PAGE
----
• James Armstrong

Pine Lake considered for fish habitat restoration project


PHOTO BY JAMES ARMSTRONG

Gone but not forgotten, there’s hope for the restoration of Hudson’s Pine Lake.

The rehabilitation of Hudson’s iconic Pine Lake came up for discussion at the town council meeting held Monday, June 3. Council approved a resolution in principle to partner with the Town of Saint-Lazare in a Fish Habitat Restoration Project.

“I don’t want to get hopes up too much. I’m cautiously optimistic,” replied Mayor Jamie Nicholls when asked if Pine Lake was coming back. He said Hudson would be consulting with the watershed council for Vaudreuil-Soulanges, Conseil du bassin versant de la région de Vaudreuil-Soulanges (COBAVER) and Saint-Lazare regarding the possibility of rehabilitating the man-made lake.

“There are a lot of details that need to be ironed out,” said Nicholls. Following the meeting, the mayor said a three-season study on the lake was currently being carried out. The Ministry of the Environment requires the study for anything that is planned for bodies of water.

“We have to evaluate the actual landscape,” he said. “We should have the results in the fall of 2019.”

Conservation Plan

Council approved a contract with the company Eco2Urb to create a town-wide conservation plan.

“We’re looking at the whole territory and its connectivity,” said Nicholls in his preamble to the meeting. “They will be looking at urban and non-urban areas and how landscapes function, and how wetlands and waterways are linked.” He noted the results of the Conservation Plan would need to be integrated into the town’s by-laws to be effective. The mayor said Hudson contained areas that should never be used for construction. When asked if that included the wetland areas adjacent to Sandy Beach, he declined to comment. “I’m going to let the scientists do their work and pronounce on that,” he said.

Subdividing serviced lots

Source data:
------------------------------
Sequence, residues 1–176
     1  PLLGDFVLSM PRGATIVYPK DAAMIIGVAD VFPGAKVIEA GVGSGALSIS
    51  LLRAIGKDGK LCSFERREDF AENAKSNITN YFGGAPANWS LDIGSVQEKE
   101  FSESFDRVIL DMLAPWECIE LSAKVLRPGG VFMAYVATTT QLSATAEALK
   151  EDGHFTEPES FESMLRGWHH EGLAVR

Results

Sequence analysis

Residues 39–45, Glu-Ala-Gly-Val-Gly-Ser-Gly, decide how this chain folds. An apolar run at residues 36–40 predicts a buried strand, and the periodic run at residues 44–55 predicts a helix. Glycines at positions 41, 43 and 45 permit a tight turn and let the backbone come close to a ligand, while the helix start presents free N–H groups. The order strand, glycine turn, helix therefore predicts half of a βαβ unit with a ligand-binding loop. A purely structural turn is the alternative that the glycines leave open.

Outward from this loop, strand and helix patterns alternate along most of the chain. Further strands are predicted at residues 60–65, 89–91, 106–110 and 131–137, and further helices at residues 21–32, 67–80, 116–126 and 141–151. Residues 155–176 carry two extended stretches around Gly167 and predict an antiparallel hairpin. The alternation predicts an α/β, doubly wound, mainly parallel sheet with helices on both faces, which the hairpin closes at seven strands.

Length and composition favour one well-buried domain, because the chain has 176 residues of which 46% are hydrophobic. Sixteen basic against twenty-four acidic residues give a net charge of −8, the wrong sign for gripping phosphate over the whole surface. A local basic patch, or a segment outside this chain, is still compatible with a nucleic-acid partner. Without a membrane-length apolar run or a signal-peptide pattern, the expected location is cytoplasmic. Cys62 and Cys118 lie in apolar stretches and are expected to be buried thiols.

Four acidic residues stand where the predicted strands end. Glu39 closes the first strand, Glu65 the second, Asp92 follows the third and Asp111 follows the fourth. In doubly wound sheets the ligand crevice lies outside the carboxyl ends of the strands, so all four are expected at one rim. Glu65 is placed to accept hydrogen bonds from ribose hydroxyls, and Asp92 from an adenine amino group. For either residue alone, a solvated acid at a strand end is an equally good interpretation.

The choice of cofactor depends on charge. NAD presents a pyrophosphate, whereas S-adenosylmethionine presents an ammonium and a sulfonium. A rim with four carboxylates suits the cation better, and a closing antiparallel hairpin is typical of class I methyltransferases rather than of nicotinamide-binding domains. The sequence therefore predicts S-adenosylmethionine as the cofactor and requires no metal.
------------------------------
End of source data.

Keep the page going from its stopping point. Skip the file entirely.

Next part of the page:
Council adopted the first draft of an amending zoning by-law permitting the subdivision of lots where municipal water and sewage systems are available. The specific zones are R-28 and R-33. Similarly, council approved the first draft of an amending by-law for the Planning Program allowing higher density development in zone H2 where municipal water and sewage systems are available. Both by-laws are subject to public consultation.

Bi-generational dwellings

Council approved the second draft of a zoning by-law amendment authorizing bi-generational dwellings as an additional use in single-family dwellings under certain conditions. It cannot occupy more than 40 per cent of the total living area excluding the basement. A maximum of two bedrooms are authorized and the bi-generational dwelling cannot be only in the basement. It has to have a functional interior access to the main dwelling at all times and only one unit is allowed per dwelling. It shall not alter the single-family or architectural character of the residence. Only one entrance door is permitted on the main façade, one civic number and mailbox is authorized per building and one service entrance per building for electrical, water, sewer or septic installations is permitted.

Rescue Station repealed

In 2017, the Town of Hudson approved a project to install a Rescue Station on Wharf Road in collaboration with the Federal Department of Fisheries and Oceans and the Coast Guard of Canada. In 2018, council approved a resolution authorizing the mayor and the town clerk to sign leases and other necessary agreements subject to a meeting with council.

Last Monday evening, the proposed project came to an end as council approved the repeal of the resolution pertaining to the signatures.

“Funds are no longer available for this, so we are repealing the resolution,” said the mayor.

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